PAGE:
Runner's Knee/ Iliotibial (IT) Band syndrome
Doctor of Medicine, specialist in the Japanese Society of Rehabilitation Medicine, specialist in the Japanese Society of Orthopaedic Surgery, specialist in the Japanese Society of Rheumatology, staff to strengthen JOC, and sports physician certified by the Japan Sports Association
The main cause of IT band syndrome is overuse. Please be careful when you have much running time and distance.
Runner's knee is the general term for running sports injuries around the knee joint, including a variety of conditions. Using the term runner's knee in a narrow sense, I would like to mention IT band syndrome, in which the iliotibial ligament rubs lateral to the knee and causes pain.
Cause and mechanism of onset
IT band syndrome is representative example of knee disorders caused by running. Repeated flexion and extension exercises of the knee can cause the iliotibial ligament to touch (rub) the femoral lateral condyle, causing inflammation (synovitis) and pain. It is particularly common among long-distance runners, such as marathoners (as well as in basketball, swimming, cycling, aerobics, and ballet).
The cause is overuse. A variety of factors have been identified, including excessive running time and distance, lack of flexibility (lack of warm-up), lack of rest, hard road surfaces and downhill, hard sole shoes, and leg alignment (genu varum).
Tenderness exists only around the femoral lateral condyle (Figure.). IT band apparently increases tension and sometimes radiates pain along the course of the ligament.
Initially, pain appears after running but disappears after rest. However, as the person continues to run, the pain gradually increases and does not disappear easily.
Iliotibial ligament (circled area)
Lateral knee tenderness and pain on motion. A pain-inducing grasping test is helpful when the knee is flexed 90 degrees and the iliotibial ligament is pressed against the lateral condyle before the knees are extended (manual examination).
X-rays show no marked changes. Magnetic resonance imaging (MRI) shows no characteristic findings.
It must be distinguished from lateral meniscus injuries, which are characterized by pain in the lateral knee joint.
The same symptoms may be caused by running on the inside of the knee. It is called the pes anserine bursitis and is also caused by overuse.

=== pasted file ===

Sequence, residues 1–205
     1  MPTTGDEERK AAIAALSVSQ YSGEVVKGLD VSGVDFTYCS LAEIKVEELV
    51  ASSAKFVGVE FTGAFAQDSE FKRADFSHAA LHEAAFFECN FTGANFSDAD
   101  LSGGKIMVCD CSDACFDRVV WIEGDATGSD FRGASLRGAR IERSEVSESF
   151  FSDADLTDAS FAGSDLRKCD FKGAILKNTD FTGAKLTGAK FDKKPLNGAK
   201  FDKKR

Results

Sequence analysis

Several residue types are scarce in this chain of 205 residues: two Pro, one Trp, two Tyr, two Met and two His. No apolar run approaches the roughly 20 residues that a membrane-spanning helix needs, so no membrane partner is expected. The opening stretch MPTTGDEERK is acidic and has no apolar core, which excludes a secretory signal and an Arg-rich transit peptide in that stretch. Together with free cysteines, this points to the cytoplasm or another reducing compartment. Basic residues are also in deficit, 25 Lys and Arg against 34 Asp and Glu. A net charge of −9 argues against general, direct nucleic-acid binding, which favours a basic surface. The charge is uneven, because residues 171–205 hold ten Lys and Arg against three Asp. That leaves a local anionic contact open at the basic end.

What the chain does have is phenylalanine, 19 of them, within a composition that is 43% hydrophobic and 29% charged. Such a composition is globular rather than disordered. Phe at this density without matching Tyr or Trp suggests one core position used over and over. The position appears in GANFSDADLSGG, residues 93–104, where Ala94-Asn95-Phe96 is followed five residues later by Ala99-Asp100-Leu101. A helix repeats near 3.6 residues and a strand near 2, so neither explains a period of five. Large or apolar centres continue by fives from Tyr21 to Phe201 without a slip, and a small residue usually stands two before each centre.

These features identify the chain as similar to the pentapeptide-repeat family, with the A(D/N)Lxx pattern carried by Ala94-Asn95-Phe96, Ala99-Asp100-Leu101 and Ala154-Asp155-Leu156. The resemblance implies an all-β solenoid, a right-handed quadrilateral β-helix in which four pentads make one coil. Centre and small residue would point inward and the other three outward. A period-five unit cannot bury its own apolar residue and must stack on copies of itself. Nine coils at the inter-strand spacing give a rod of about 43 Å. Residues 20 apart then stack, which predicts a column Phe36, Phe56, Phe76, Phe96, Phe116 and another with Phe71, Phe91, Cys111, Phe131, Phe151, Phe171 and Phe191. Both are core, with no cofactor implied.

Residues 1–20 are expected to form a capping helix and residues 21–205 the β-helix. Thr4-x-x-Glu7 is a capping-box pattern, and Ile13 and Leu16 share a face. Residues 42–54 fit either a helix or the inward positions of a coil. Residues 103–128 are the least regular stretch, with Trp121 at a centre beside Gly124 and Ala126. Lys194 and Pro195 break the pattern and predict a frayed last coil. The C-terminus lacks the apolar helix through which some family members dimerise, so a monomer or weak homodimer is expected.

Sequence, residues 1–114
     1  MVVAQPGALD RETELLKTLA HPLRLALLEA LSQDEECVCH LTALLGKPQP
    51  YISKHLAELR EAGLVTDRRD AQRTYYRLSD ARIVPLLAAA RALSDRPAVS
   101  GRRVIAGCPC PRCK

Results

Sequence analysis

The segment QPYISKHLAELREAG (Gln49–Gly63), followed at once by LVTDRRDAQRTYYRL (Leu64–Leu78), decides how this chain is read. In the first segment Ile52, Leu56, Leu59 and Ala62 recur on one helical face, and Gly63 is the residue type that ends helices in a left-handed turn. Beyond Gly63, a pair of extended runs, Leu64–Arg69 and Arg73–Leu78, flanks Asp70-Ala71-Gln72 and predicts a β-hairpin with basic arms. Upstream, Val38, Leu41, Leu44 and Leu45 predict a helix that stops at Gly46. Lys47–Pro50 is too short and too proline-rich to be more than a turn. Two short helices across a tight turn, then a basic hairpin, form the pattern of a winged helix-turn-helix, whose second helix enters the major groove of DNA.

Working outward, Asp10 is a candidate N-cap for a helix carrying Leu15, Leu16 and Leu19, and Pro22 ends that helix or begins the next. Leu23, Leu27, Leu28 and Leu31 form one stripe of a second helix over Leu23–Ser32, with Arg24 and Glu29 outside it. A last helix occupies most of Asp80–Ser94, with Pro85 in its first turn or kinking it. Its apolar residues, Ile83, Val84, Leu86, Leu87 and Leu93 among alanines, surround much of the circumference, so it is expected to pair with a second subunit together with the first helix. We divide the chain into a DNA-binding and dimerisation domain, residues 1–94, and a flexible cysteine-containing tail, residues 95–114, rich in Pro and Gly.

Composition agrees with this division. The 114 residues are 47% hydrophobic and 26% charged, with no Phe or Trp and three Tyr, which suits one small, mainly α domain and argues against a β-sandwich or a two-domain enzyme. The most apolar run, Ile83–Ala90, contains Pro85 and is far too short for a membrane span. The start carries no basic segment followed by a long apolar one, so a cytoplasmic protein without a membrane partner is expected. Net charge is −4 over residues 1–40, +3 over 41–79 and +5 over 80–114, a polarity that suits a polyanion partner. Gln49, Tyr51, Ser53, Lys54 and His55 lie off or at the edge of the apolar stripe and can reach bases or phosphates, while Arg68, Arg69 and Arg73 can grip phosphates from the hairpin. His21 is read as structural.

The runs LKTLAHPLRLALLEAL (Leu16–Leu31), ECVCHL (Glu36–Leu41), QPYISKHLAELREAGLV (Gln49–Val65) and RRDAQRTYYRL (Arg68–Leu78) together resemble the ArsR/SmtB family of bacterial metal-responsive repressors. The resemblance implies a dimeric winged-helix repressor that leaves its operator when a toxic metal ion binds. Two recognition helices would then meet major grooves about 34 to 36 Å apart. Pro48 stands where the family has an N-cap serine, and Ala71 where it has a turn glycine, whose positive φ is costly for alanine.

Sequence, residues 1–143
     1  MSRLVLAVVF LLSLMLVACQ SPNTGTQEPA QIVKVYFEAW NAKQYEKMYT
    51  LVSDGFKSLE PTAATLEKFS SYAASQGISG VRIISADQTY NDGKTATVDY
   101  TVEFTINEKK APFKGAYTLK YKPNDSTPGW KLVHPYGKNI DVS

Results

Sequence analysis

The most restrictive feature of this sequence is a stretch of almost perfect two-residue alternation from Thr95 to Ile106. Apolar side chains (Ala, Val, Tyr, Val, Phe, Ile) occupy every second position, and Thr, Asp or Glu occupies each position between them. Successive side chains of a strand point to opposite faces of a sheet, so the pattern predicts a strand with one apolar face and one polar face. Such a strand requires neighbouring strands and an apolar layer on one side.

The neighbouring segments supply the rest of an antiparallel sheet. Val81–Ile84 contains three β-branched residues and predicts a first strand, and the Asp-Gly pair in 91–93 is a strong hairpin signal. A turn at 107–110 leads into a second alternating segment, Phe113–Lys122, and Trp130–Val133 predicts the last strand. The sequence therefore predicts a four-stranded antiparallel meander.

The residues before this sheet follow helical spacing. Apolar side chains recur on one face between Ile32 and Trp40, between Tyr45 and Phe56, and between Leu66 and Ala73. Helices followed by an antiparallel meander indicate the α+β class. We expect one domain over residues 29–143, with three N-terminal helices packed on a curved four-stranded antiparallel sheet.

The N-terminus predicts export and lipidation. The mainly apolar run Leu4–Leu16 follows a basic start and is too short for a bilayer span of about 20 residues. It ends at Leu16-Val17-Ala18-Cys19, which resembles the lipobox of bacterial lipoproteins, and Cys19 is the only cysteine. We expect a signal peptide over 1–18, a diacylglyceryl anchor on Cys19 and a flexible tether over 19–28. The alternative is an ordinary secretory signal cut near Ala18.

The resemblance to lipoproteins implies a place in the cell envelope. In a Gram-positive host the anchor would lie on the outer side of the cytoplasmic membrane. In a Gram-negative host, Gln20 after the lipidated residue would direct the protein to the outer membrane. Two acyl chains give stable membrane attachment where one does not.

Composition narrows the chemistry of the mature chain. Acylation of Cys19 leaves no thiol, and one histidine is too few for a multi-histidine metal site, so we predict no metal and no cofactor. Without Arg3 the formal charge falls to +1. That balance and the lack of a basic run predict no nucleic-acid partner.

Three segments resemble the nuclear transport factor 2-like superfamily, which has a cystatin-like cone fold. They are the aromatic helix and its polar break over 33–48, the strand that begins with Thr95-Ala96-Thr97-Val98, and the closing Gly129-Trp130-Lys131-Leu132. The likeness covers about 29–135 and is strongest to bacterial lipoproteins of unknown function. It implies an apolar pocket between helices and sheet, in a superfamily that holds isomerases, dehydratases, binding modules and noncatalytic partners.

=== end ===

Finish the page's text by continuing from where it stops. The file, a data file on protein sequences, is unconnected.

Runner's knee is more likely to occur in marathon
Treatment and rehabilitation
Conservative treatment is principle for overuse. First, to rest a local, i.e., a running pause, is important. Next, to strengthen stretching, mainly in the outer part of the hip joint, such as tensor fasciae latae (see Trainer Edition), and to perform icing thoroughly. Furthermore, the administration of anti-inflammatory analgesics and physical therapy, such as ultrasound, can be done if needed. Once symptoms appear, they do not disappear easily, so early decision-making and appropriate rest periods are important. To reduce the strain on the knee on the same side, occasionally track running in the opposite direction is recommended. Surgical treatment has been reported, but is less common. Finally, check the body's flexibility, leg alignment, and shoes condition and track surfaces.
Head coach of Shonan Bellmares Sports Club Triathlon Team, Head coach of Triathlon Team of Nippon Sport Science University, and Chairman of the Japan Triathlon Union Multi-sports Committee
Iliotibial ligament inflammation is an overuse syndrome. The amount of running (speed, distance) can be stressful and painful when current strength becomes intolerable, when fatigue recovery is inadequate, when running form [Does this revision reflect your intended meaning?] is habituated, when road surfaces are hard, or when shoes are inadequate. There is not just one cause. Therefore, it is necessary to consider a training program that takes into account all factors comprehensively and aims to return to competition.
The effects of training begin after full recovery from fatigue. As training increases, preventive measures include stretching to recover from fatigue, eating nutritionally, and allowing more time for recovery, such as sleep.
On-site evaluation and first aid
Runner's knees are painful on the outside of the knee during and after running. Initially, the pain is mild and uncomfortable, but the pain is worse if the person continues to be trained without response. (Figure 2) It is characterized by aching when running at a certain distance.
Reduce training if iliotibial band [Does this revision reflect your intended meaning?] inflammation is suspected. Alternatively, stop and continue the icing.
Figure: Pain site